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  23. Freedom of the will and the concept of a person.Harry Frankfurt - 2004 - In Tim Crane & Katalin Farkas (eds.), Metaphysics: a guide and anthology. Oxford University Press UK.
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  24. Ecological Psychology in Context: James Gibson, Roger Barker, and the Legacy of William James's Radical Empiricism.Harry Heft - 2001 - Transactions of the Charles S. Peirce Society 38 (3):468-472.
     
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  25. Necessity, Volition, and Love.Harry G. Frankfurt - 1998 - New York: Cambridge University Press.
    One of the most influential of contemporary philosophers, Harry Frankfurt has made major contributions to the philosophy of action, moral psychology, and the study of Descartes. This collection of essays complements an earlier collection published by Cambridge, The Importance of What We Care About. Some of the essays develop lines of thought found in the earlier volume. They deal in general with foundational metaphysical and epistemological issues concerning Descartes, moral philosophy, and philosophical anthropology. Some bear upon topics in political (...)
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  26. On bullshit.Harry G. Frankfurt - 1986 - Princeton, NJ: Princeton University Press.
    One of the most salient features of our culture is that there is so much bullshit. Everyone knows this. Each of us contributes his share. But we tend to take the situation for granted. Most people are rather confident of their ability to recognize bullshit and to avoid being taken in by it. So the phenomenon has not aroused much deliberate concern. We have no clear understanding of what bullshit is, why there is so much of it, or what functions (...)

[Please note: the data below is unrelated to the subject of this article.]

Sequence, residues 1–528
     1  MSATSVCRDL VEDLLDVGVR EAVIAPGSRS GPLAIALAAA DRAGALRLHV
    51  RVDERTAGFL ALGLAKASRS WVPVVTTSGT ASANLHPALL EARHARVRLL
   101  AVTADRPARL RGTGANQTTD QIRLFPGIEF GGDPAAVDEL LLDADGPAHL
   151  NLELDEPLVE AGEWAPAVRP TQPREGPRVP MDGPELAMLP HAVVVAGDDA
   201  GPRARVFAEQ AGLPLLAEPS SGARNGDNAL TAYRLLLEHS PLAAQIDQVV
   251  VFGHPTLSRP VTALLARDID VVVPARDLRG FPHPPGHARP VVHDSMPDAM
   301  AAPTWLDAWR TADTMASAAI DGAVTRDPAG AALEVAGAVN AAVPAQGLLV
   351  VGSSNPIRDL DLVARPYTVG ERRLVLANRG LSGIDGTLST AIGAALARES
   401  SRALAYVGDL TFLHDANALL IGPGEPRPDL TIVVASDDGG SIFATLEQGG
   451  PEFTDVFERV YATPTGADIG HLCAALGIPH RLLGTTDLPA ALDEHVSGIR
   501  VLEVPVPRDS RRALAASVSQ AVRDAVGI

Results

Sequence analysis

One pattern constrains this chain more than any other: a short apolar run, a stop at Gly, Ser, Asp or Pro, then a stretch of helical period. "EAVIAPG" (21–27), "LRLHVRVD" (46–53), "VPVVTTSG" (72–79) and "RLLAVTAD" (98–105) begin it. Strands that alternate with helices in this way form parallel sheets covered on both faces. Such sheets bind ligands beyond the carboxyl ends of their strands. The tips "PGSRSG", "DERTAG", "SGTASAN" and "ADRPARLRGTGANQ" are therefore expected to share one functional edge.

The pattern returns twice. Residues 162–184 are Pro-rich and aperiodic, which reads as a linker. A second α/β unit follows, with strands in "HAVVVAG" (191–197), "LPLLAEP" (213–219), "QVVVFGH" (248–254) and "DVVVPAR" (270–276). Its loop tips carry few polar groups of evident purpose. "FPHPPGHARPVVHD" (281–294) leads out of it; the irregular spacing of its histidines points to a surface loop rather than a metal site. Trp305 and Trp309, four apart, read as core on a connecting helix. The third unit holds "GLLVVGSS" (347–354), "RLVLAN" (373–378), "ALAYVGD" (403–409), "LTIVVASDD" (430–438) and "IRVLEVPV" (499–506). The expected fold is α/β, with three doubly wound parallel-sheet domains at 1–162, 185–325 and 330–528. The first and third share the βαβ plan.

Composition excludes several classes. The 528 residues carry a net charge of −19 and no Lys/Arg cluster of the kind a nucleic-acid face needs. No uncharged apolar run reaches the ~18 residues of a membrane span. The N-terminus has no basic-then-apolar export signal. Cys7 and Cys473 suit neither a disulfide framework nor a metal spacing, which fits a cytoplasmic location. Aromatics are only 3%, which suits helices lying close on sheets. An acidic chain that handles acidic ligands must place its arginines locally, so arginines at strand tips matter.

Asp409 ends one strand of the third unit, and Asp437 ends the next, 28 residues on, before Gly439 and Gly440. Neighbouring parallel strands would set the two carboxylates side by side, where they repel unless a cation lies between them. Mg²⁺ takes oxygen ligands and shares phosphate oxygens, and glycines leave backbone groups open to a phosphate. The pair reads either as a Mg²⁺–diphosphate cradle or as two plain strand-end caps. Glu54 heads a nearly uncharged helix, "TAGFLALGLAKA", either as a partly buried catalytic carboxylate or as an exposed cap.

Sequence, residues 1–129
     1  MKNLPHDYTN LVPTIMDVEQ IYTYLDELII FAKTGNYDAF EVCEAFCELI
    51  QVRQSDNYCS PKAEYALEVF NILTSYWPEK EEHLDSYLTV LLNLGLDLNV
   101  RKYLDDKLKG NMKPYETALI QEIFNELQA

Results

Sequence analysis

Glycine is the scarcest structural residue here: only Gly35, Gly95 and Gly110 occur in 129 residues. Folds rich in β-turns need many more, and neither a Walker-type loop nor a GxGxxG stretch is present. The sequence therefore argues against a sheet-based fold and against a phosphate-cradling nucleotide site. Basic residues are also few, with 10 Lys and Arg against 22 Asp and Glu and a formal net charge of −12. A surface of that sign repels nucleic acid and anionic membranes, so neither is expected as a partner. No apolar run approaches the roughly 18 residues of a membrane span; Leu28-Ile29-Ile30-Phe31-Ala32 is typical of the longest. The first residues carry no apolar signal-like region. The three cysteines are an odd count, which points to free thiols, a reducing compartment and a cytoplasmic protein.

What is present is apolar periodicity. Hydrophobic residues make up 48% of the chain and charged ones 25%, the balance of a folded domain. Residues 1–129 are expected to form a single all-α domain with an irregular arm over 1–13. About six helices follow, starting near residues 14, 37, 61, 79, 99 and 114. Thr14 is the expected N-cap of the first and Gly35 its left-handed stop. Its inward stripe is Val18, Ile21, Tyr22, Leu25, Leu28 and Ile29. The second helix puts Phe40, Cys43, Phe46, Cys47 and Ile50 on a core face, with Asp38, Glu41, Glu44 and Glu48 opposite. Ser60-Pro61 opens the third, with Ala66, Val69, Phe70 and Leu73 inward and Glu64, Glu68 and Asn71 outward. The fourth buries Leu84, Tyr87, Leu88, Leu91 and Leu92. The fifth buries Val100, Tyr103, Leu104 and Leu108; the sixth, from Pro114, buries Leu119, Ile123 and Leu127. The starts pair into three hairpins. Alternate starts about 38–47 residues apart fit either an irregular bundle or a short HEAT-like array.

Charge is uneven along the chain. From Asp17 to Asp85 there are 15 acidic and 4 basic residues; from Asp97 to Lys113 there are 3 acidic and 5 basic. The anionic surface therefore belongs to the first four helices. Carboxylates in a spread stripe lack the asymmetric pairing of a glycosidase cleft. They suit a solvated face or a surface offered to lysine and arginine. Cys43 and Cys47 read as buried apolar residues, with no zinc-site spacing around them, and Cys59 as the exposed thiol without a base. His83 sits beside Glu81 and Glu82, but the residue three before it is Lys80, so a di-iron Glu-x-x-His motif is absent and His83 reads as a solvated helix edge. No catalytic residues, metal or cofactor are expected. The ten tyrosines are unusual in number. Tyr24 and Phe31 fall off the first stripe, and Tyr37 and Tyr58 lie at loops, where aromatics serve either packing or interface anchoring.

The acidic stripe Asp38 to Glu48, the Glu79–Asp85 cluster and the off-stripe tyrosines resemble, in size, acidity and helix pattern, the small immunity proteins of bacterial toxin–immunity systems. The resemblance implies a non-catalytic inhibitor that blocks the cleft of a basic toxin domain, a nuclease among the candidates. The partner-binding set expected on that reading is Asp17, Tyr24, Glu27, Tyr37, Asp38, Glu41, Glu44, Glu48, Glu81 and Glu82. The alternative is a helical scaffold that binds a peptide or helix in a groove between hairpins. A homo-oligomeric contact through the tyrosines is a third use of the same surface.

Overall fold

27.  59
    One principle and three fallacies of disability studies.John Harris - 2001 - Journal of Medical Ethics 27 (6):383-387.
    My critics in this symposium illustrate one principle and three fallacies of disability studies. The principle, which we all share, is that all persons are equal and none are less equal than others. No disability, however slight, nor however severe, implies lesser moral, political or ethical status, worth or value. This is a version of the principle of equality. The three fallacies exhibited by some or all of my critics are the following: Choosing to repair damage or dysfunction or to (...)
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  28. The Faintest Passion.Harry Frankfurt - 1992 - Proceedings and Addresses of the American Philosophical Association 66 (3):5-16.
  29.  55
    Consent and end of life decisions.John Harris - 2003 - Journal of Medical Ethics 29 (1):10-15.